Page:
Power Slides: Stand upright with feet together. With the left foot, step to the left stretching the leg out. Slide the right foot to the left, keeping it lightly on the ground. Repeat the drill starting this time with the right foot. Repeat 4 times with a short rest between repetitions.

Jumping: Stand upright and jump up and try to touch your chest with your knees. Repeat 3 times.

As with strength training, be sure to monitor your child closely so that they do not over exert them sel
ves. Speed training is an important part of an effective football training program. Properly implemented speed training can enable your child to move fast, catch the ball, and avoid the tackler just behind them.

Youth Grip Training

Grip training involves exercises are designed to strengthen the hand and arms helping your child to catch and hold the football. Grip training often involves weights and enables a child to develop more specialized skills. This type of training is largely reserved for pre-teens and teens while more basic exercises can help a younger child develop stronger arms and hands. Below are some basic grip training exercises that will help your child catch that slippery ball.

Fingertip pushups: Place your hand flat on a surface and push up with your fingertips. Repeat ten times on each hand with a short rest between repetitions.

Crushing: Grab some pliers or a nutcracker and squeeze or crush it 10 times with a short rest between repetitions.

Wrist Curls: Hold your hand out flat and make a fist. Curl your hand up using the muscles of your wrist. Repeat 10 times with short rests between repetitions as needed.

In all training situations remember to watch your child carefully for signs of over exertion and strain. Organized sports should be a fun experience for each child and unfortunately overtraining can result in a bad experience. Coach Erickson says that “overtraining is a real situation and can be avoided through proper planning and prudent use of allotted training time.” Regarding overexertion, Coach Erickson “would look for lack of energy, lack of desire and injuries that increase and do not heal in a timely manner.”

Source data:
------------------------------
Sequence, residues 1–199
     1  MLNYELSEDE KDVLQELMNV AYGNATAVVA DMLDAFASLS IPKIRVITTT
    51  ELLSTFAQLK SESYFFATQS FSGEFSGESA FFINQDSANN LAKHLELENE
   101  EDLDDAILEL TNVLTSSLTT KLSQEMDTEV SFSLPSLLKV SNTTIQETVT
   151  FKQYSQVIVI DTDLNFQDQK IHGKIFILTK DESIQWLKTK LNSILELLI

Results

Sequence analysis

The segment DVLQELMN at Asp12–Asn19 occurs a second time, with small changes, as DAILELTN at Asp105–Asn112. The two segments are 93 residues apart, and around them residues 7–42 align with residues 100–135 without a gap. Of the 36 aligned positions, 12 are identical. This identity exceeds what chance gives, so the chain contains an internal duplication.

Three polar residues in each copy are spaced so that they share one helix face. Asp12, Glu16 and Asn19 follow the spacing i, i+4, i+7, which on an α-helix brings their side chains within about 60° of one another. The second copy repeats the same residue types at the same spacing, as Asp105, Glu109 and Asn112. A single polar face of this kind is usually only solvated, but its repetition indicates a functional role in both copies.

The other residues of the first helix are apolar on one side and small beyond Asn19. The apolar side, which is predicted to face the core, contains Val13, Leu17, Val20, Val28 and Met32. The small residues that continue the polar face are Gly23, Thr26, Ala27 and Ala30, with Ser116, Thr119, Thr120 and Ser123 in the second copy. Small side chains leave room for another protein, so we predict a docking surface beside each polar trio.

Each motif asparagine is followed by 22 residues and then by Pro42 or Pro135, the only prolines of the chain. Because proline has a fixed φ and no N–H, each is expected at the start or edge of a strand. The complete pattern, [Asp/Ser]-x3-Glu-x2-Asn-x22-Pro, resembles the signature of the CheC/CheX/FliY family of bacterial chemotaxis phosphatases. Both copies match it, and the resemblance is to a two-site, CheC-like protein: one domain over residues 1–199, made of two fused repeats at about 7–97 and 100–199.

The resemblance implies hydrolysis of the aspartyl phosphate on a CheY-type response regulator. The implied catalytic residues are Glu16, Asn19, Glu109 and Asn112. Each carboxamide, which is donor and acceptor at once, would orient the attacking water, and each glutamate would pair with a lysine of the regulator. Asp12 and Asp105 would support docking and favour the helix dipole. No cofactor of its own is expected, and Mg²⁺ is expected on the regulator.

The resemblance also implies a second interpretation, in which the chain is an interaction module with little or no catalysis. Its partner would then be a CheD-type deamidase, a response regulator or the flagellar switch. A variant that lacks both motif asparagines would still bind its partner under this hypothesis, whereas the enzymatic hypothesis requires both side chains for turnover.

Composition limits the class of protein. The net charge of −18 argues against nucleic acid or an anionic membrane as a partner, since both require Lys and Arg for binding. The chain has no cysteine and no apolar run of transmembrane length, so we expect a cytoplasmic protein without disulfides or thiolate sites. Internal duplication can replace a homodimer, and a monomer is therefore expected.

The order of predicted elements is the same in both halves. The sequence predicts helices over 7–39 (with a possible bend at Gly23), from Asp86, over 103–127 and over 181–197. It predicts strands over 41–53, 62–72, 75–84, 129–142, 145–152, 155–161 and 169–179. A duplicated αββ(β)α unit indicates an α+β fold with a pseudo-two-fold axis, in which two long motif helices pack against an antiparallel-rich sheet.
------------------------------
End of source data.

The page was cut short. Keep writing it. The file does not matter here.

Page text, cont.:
Look for Signs of a Great Youth Football Program

If your child is ready to play ball, then it’s time to enroll them in a football program or camp. Summer Sport Camps keep children busy and help them learn new skills. Flag Football is very popular for both younger and older children. Flag Football allows children to become acquainted with the rules and basic fundamentals of the game without the full on-tackle experience. It also gives them the opportunity to have fun and is ideal for younger children whose bodies are not ready for constant collisions. Flag Football is also a good alternative for children with disabilities who need a less physical football experience.

For older children ready for the real thing, a national or state football program can offer more of the real football experience. The Chicago Bears and the Seattle Seahawks, members of the NFL, offer week-long summer football camps for youth. These camps are taught by professional educators with coaching experience. Camp trainees can learn how to block, pass, form tackle, run, throw, and catch. Youth can also learn more about explosive movement and how to go from frozen stance to quick winning movements.